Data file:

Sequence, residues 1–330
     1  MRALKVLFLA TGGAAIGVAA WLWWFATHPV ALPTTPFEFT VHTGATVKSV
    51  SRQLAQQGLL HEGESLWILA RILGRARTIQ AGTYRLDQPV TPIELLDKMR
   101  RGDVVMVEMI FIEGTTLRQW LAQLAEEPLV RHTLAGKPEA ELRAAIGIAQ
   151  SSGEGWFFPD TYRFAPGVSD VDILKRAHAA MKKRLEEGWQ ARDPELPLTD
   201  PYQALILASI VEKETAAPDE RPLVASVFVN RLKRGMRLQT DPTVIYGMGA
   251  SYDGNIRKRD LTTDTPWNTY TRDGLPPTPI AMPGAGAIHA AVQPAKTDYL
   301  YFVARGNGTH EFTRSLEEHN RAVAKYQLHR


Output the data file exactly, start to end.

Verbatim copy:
Sequence, residues 1–330
     1  MRALKVLFLA TGGAAIGVAA WLWWFATHPV ALPTTPFEFT VHTGATVKSV
    51  SRQLAQQGLL HEGESLWILA RILGRARTIQ AGTYRLDQPV TPIELLDKMR
   101  RGDVVMVEMI FIEGTTLRQW LAQLAEEPLV RHTLAGKPEA ELRAAIGIAQ
   151  SSGEGWFFPD TYRFAPGVSD VDILKRAHAA MKKRLEEGWQ ARDPELPLTD
   201  PYQALILASI VEKETAAPDE RPLVASVFVN RLKRGMRLQT DPTVIYGMGA
   251  SYDGNIRKRD LTTDTPWNTY TRDGLPPTPI AMPGAGAIHA AVQPAKTDYL
   301  YFVARGNGTH EFTRSLEEHN RAVAKYQLHR